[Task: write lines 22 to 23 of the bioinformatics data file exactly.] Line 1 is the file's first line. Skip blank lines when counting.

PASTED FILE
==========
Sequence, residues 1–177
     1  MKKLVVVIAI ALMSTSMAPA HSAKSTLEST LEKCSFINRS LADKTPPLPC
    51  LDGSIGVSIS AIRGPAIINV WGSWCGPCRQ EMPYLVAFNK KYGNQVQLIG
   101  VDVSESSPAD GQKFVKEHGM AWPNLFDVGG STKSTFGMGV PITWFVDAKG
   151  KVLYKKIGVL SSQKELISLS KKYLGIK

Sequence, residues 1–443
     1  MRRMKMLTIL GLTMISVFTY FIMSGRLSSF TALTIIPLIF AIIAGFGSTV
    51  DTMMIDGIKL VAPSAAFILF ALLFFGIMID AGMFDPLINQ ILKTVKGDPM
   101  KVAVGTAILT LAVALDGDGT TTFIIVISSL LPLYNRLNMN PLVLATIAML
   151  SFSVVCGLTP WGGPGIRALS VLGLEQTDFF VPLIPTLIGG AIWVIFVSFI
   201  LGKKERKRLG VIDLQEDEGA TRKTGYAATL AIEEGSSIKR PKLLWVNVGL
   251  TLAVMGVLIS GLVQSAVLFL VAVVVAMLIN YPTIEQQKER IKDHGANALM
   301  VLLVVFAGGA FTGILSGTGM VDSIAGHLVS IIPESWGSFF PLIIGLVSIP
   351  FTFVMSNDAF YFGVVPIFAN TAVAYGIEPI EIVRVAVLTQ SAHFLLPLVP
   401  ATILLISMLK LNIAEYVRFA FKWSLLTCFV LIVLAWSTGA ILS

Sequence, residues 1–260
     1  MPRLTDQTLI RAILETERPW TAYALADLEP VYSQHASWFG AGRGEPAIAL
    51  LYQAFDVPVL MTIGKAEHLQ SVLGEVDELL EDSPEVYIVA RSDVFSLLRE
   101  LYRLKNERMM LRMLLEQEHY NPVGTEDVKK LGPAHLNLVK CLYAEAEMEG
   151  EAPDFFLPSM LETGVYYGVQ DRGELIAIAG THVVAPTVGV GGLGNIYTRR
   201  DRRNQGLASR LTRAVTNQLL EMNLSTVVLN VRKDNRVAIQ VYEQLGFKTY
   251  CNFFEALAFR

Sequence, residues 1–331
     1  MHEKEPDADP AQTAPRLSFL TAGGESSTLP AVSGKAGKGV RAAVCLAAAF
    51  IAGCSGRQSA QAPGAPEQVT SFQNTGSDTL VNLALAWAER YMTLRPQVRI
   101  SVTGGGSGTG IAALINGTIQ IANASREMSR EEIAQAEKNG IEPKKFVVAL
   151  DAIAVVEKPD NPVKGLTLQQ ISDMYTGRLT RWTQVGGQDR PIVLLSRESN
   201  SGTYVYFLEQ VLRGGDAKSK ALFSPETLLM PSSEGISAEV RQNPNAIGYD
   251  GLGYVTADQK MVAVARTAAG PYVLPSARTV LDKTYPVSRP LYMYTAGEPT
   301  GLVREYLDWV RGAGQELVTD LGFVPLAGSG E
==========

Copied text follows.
   251  CNFFEALAFR

Sequence, residues 1–331